Shady Way Gardens Bits and Briefs September 2003


WHEW! By September you almost feel like that ancient Greek Guy.  You know the one...not Prometheus (although he didn't have it so good either)...the other one..Sisyphus!  Doomed forever to roll a heavy rock up a steep hill, only to have it always roll back just at the top.  Just like the frustrated gardener, beckoned by the promise of cool September weather, then assaulted with another run of relentless heat.  But even if September is a hot month, it's still an excellent month for planting new trees and shrubs and fertilizing established ones.  Annuals such as Petunias, Pansies, Geraniums etc. are best left for early or even mid to late October if it doesn't cool down. 


Got plants that "just up and died" lately?  Well, you're definitely not alone.  In fact, if it's any consolation, you're in with the in crowd!  Lots of people saw some of their smaller and even some well established plants bite the dust last month.  In July our Tree Tobacco(Nicotiana glauca) that had sprung up on its own last year and was flourishing with lush leaves and yellow flowers just up and died.  One day the leaves looked sort of droopy, so of course we gave it a nice long soaking with the hose.  The leaves collapsed further, and within a week or so the tree was an obvious goner.  What happened?  We figured a fungus disease had attacked the root system.  Texas Root Rot is a disease that occurs naturally in our desert soils and attacks various susceptible plants in a hit and miss fashion.  Its hallmark is the sudden leaf wilt and quick plant death during summer months.  There is nothing you can do once a plant is infected.  Most desert plants such as Mesquites and Palo Verdes and all Palms and Grasses are not susceptible.  Some of the most susceptible plants include Bottle Trees, Carobs, Figs, Cottonwoods, Cassias, Roses.  The fungus itself, with the snazzy name of Phymatotrichum omnivorum produces powdery spore mats on moist soil but these don't infect plants.  Instead, susceptible plants are infected by the underground parts of the fungus when they invade the root system.


People are always looking for a "fool proof" plant.  Aside from the plastic varieties one such plant that is a pretty good candidate is the plant known as Elephant Food or Spekboom (Portulacaria afra) in its native African habitat.  This shrubby succulent can endure tremendous amounts of heat and drought and still look green and perky.  It can be clipped to make a small dense hedge or left to become a small, sprawling shrub.  It can take full sun to partial shade but will become leggy in heavy shade.  Grown in a hanging basket or tall pot Elephant Food produces impressive cascades of branches with an exotic effect for your patio or doorway.  Eventually old plants form an amazing, gnarly trunk which can be exposed by trimming off the branches coming out of it.  In fact, this plant lends itself to any amount of pruning and shaping and is an excellent subject for the bonsai aficionado.  Want more plants?  Just whack off a branch and stick it in the ground or a pot, keep slightly moist and Voila!  Another plant!  Going on a short vacation?  Nobody to water your Elephant Food?  Not to worry.  When you get back it may look a little shriveled but will look good as new after a nice drink.  Some people consider this plant a variety of the well known Jade (Crassula argentea) that has graced indoor parlors for years.  Whereas Elephant Food is unfazed by heat, regular Jades will grow outside in shade only until July or so, then if they are not moved inside to a cooler spot, they start falling apart, especially if overwatered.  Before long plants become a big heap of rotten stems and leaves.  The one drawback to Elephant Food is that it will freeze during a hard frost, so must be covered if freezing temperatures are expected.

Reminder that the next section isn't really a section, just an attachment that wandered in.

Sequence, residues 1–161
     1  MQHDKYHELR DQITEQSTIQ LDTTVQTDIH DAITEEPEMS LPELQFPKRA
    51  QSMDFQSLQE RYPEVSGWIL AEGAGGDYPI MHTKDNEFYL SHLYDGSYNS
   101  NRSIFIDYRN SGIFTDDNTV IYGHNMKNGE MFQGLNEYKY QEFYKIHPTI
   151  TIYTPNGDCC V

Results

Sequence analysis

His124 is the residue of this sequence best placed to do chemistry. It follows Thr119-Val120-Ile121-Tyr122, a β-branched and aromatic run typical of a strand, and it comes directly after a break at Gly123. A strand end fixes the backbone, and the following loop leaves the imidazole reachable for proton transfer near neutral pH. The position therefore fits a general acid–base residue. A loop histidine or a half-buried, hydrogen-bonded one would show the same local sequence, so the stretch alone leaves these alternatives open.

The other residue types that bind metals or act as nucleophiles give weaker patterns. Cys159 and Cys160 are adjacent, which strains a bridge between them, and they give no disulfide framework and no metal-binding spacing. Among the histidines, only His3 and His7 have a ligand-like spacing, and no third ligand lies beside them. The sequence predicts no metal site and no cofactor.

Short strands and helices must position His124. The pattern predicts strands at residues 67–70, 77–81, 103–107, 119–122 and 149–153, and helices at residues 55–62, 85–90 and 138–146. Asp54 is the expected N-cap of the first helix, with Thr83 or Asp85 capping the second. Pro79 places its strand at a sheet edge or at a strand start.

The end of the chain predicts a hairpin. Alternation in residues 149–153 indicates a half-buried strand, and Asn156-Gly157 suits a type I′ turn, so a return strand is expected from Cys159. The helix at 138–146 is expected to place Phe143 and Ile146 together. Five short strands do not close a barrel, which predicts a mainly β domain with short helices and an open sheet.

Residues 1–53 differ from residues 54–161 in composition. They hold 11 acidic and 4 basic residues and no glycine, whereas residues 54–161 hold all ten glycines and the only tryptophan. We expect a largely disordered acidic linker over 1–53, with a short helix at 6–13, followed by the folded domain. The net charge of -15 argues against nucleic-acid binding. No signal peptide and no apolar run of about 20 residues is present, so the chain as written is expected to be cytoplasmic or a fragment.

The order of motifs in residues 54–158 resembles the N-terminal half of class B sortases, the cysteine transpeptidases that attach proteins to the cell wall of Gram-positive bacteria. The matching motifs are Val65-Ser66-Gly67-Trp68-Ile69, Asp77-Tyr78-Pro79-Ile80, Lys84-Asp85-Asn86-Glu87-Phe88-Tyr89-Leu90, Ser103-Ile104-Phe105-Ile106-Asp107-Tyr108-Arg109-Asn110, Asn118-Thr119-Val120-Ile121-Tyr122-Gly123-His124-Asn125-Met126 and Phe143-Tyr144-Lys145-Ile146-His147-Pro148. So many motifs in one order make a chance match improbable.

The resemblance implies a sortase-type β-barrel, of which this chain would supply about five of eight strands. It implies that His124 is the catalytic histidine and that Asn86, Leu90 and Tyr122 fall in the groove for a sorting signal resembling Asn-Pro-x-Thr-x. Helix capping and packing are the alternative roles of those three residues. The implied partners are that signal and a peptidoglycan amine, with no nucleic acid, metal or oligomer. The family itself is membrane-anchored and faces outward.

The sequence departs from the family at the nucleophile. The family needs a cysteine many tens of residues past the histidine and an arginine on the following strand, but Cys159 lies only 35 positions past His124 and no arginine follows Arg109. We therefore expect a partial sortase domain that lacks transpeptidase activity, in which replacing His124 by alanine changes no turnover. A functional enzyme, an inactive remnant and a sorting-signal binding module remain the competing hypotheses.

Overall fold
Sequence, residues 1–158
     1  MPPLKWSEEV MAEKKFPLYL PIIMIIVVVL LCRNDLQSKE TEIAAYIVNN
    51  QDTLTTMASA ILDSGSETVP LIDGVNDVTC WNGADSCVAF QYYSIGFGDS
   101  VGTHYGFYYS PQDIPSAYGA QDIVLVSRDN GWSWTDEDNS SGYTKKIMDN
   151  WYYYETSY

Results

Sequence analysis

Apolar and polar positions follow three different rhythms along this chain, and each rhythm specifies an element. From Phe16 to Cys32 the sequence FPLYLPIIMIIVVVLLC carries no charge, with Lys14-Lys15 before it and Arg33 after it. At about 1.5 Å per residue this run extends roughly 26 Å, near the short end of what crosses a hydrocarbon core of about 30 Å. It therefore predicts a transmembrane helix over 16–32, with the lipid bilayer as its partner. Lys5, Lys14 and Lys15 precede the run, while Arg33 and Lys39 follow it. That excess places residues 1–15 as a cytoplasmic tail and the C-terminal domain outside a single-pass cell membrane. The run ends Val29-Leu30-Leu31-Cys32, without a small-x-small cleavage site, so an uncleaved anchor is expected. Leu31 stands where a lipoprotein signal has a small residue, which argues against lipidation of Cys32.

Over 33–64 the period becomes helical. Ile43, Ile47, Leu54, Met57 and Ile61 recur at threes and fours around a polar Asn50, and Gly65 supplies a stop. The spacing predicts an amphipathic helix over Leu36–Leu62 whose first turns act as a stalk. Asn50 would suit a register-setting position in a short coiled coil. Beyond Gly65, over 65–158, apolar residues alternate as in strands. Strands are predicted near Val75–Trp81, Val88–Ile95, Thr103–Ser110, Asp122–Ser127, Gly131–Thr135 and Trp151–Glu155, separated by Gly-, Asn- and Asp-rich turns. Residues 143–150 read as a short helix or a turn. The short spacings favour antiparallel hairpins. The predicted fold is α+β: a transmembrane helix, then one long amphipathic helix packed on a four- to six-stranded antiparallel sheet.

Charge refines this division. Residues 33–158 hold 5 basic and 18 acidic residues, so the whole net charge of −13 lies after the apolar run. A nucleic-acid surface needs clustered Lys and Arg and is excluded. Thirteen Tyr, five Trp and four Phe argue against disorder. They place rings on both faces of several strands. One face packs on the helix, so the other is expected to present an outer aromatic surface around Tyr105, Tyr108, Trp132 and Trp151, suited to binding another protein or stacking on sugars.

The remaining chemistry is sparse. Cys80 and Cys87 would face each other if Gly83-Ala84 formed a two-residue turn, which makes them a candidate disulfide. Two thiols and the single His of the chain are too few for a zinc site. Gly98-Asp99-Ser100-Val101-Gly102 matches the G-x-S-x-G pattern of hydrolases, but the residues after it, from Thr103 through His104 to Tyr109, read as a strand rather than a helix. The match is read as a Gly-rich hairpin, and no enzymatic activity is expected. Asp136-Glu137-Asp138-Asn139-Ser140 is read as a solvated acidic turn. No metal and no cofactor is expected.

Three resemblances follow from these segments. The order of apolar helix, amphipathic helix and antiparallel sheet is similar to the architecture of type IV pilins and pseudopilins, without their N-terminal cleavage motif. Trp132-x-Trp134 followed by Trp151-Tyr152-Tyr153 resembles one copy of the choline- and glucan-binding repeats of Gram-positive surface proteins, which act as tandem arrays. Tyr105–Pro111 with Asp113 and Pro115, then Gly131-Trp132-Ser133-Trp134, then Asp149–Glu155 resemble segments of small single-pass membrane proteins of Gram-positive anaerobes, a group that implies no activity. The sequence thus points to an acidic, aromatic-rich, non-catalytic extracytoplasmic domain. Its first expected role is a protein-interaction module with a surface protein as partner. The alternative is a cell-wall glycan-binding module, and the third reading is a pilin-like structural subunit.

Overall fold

Snap Beans, Beets, Bok Choy, Brussel Sprouts, Cabbage, Carrots, Chinese Cabbage, Celery, Collards, Cucumber, Endive, Fennel, Kohlrabi, Leek, Lettuce, Mustard Greens, Peas, Radish, Spinach, Swiss Chard, Turnips

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Web Comments September 13, 2004 Shady Way Nursery 2004